Packaging: Will the Move to Large Economy Packs Damage Brand Equity?

Brands bring economy sizes into new categories

2010 was characterised by a general uptake of large pack sizes. With higher concerns over retail prices than prior to the recession, consumers in many countries have embraced the new formats as a way to save money without compromising on the frequency of product usage.

Detergents, hand dishwashing and carbonates are categories that normally lend themselves to promotional value pack formats, and where larger sizes have often enabled brand owners to maintain a growth curve for litre volume sales since the beginning of the economic downturn.

In such categories there are commonly three size bands; small for single serve or for sale through local convenience stores; a standard size more likely to be found in larger stores; and a large economy or promotional size. Within these commodity products whilst it is important to retain brand recognition across all pack sizes, brand equity is not likely to be damaged by the presence of the large or promotional packs.

New, larger sizes have also been introduced by brand owners in new product categories where an economy platform previously did not exist or is rare outside of the discounter channel. An early believer in this strategy is salon hair care brand Franck Provost introducing its Expert standard shampoo range in 750ml bottles which is unique to super/hypermarkets.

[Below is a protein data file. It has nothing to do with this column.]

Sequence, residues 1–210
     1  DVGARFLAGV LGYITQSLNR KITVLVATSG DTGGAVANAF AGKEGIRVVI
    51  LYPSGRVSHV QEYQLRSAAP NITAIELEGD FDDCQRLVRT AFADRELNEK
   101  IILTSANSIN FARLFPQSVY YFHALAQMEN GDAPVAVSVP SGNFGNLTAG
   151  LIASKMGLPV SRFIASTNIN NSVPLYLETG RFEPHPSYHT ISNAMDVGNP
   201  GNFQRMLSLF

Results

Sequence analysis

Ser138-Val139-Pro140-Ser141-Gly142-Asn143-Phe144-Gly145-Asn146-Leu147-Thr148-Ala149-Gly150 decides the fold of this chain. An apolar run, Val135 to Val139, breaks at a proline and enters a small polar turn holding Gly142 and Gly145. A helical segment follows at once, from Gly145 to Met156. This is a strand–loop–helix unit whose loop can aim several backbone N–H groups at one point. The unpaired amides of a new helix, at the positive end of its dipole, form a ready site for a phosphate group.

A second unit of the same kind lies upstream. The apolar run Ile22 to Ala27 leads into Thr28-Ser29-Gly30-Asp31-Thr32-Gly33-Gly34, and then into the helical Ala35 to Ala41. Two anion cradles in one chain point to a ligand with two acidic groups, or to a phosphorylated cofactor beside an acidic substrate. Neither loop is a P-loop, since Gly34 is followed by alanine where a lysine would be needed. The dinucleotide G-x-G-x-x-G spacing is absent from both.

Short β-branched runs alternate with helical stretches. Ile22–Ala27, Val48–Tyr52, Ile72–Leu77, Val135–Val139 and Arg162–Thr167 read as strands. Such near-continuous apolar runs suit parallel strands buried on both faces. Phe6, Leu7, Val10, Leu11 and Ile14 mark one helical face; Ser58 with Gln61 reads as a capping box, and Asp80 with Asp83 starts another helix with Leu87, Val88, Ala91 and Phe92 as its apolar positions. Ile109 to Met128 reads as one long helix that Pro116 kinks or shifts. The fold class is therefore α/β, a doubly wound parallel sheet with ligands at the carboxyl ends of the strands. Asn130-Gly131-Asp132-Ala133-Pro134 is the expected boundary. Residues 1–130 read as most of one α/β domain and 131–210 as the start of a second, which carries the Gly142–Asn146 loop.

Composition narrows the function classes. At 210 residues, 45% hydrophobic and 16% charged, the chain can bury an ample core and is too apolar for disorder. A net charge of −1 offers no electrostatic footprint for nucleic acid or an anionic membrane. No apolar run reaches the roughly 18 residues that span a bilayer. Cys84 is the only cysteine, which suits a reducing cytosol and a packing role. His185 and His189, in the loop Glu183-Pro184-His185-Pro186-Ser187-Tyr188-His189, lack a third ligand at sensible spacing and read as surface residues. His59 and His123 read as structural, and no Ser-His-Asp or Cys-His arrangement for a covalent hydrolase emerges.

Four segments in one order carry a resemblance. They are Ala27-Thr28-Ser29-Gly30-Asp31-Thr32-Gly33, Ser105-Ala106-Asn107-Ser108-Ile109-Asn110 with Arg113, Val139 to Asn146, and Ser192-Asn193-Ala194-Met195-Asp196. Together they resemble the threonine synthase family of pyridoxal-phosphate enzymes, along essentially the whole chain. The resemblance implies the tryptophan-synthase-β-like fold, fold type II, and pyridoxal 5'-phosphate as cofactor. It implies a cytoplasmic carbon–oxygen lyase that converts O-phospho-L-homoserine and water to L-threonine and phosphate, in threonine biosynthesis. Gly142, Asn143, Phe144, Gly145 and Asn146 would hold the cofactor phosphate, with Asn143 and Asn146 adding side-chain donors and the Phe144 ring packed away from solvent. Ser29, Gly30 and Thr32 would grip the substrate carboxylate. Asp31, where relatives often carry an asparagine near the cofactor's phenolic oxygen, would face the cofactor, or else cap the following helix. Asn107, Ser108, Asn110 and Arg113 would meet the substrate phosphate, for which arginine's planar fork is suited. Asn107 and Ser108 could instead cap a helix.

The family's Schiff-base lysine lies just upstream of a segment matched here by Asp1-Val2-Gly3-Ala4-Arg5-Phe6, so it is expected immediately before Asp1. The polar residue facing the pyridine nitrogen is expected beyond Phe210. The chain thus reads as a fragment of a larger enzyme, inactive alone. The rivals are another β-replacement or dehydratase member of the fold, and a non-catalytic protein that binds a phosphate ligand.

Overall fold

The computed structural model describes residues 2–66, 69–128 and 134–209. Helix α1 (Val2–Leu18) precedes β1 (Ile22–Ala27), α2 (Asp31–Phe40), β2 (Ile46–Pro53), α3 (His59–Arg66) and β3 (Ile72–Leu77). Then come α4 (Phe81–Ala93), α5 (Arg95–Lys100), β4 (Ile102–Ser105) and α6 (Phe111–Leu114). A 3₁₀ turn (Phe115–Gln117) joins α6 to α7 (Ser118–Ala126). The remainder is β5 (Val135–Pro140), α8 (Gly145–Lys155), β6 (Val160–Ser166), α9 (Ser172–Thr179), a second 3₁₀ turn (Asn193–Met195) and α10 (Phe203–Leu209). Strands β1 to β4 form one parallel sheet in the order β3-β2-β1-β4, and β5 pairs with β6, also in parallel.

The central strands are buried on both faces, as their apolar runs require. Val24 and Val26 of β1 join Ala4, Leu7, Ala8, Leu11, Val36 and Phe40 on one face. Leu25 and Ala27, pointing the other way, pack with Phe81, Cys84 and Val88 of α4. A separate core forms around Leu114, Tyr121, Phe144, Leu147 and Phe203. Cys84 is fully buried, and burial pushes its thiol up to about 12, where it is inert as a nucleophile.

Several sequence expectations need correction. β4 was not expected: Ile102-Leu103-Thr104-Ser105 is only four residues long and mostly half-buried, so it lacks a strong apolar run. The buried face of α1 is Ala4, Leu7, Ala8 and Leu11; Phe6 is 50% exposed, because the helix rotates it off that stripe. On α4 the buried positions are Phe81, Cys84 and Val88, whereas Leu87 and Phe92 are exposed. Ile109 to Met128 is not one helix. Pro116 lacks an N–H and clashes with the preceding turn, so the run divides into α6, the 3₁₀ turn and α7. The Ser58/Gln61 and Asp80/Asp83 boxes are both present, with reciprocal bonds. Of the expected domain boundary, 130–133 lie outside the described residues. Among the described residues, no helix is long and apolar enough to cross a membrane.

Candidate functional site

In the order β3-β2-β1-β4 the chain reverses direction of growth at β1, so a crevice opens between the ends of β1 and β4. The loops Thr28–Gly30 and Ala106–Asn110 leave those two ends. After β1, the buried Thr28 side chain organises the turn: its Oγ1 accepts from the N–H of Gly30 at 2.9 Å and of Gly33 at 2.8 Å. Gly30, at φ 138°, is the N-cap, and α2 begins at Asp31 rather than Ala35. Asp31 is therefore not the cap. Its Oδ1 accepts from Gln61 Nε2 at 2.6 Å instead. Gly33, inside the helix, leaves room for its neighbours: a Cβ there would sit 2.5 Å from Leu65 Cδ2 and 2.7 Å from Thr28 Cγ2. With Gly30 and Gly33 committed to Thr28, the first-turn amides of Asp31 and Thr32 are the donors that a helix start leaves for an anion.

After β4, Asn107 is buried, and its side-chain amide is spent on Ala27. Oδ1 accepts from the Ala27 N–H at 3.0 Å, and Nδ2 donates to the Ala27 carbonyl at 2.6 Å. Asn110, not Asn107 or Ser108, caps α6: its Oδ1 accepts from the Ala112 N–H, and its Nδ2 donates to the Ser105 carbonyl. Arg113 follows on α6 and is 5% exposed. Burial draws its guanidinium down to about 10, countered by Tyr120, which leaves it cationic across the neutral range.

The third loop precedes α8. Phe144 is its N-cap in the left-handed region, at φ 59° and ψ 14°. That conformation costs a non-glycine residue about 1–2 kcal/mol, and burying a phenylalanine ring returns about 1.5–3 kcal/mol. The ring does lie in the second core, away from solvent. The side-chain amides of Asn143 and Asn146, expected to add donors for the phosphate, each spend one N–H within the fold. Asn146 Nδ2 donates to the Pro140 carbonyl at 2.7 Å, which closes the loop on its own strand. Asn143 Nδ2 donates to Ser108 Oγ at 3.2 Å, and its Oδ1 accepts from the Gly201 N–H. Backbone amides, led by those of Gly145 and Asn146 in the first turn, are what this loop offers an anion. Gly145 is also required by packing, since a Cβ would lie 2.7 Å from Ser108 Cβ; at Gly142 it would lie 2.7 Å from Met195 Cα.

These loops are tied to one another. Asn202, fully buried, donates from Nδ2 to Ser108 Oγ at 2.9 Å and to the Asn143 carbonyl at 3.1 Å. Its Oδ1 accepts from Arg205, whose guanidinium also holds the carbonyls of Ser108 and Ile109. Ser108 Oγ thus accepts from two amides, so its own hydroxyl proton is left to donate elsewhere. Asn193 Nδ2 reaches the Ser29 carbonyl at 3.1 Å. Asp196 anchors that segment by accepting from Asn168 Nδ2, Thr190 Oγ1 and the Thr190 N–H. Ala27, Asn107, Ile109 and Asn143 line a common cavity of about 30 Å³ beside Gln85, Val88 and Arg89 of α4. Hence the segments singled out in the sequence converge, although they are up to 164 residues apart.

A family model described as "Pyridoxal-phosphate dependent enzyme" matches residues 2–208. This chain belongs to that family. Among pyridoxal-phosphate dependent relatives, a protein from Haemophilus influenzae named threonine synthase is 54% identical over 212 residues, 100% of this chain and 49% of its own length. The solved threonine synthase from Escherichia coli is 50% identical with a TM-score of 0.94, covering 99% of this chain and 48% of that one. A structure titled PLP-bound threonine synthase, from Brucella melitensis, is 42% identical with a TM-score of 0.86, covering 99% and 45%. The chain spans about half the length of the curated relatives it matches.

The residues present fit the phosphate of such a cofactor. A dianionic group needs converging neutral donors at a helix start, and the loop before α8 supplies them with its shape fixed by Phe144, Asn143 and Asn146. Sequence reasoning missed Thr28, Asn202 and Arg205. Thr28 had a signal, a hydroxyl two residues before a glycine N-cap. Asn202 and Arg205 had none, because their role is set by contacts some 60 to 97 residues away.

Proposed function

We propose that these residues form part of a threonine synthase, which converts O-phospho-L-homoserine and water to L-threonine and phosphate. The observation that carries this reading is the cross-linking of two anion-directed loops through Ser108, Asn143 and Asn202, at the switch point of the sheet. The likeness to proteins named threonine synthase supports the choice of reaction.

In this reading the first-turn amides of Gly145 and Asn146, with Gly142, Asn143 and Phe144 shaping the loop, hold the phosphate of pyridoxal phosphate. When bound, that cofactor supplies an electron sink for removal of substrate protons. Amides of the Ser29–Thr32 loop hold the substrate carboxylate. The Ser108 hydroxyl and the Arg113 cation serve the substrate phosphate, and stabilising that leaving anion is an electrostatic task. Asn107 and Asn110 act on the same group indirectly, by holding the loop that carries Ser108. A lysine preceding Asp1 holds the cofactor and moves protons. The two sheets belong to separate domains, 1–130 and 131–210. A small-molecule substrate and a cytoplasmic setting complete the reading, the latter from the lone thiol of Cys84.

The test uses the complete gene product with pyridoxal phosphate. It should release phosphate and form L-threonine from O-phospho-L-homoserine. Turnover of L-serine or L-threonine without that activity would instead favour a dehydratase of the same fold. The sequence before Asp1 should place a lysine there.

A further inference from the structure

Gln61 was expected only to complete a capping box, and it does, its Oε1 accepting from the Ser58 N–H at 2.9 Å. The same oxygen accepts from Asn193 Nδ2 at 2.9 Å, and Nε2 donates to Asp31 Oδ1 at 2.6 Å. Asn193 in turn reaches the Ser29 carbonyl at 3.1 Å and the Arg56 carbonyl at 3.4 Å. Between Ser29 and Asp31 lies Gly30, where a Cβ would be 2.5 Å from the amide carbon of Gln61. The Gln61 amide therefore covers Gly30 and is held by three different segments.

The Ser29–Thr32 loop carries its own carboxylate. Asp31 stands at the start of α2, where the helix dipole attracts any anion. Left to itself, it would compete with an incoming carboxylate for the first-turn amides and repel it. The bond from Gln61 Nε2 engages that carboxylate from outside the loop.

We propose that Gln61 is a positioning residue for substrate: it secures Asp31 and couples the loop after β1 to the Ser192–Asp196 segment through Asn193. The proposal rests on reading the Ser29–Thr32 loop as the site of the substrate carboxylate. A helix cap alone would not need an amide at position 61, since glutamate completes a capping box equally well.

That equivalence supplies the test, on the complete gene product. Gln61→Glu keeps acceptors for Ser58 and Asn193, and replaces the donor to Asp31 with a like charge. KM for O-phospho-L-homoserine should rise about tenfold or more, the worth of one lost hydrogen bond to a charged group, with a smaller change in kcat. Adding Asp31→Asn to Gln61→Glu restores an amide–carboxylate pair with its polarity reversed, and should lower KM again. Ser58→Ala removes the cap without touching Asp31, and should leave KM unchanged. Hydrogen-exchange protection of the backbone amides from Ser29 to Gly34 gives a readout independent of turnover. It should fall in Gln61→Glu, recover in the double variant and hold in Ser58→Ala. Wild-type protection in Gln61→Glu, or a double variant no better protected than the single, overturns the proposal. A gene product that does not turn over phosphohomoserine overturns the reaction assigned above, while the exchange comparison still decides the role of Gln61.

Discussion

Another example is Listerine mouthwashes, typically found in a 500ml size, which were re-launched in 2010 in the UK in a 1-litre PET bottle format clearly labelled ‘Value’, thereby opening the economy platform in this category to branded products and also boldly encouraging consumers to start using mouthwashes more frequently.

What’s in it for branded products and packagers?

Times have changed and bulk sizes are now increasingly accepted across the FMCG landscape. In 2011, offering a similar size to private label competitors no longer results in the quality consumers normally associate with their favourite brand being affected.

In addition, there are interesting benefits for such brands; the larger pack can give a greater shelf impact in the store and the longer dwell time in the home give the brand more time to lodge in the mind of the consumer.

The move to new, bulkier packs is perhaps even more surprising in beverages, where pack sizes tend to be even more standardised across the board. Carsberg has just released the first 1-litre metal beverage can in Germany under imported lager brand Tuborg, bringing a typically Russian format west while also claiming higher quality of taste.

After benefiting from the uptake of beer consumption by women and young adults in France, and seeing its volume share grow in domestic lager, Heineken’s Desperados was also introduced earlier in 2011 in a unique 1.2 litre glass bottle.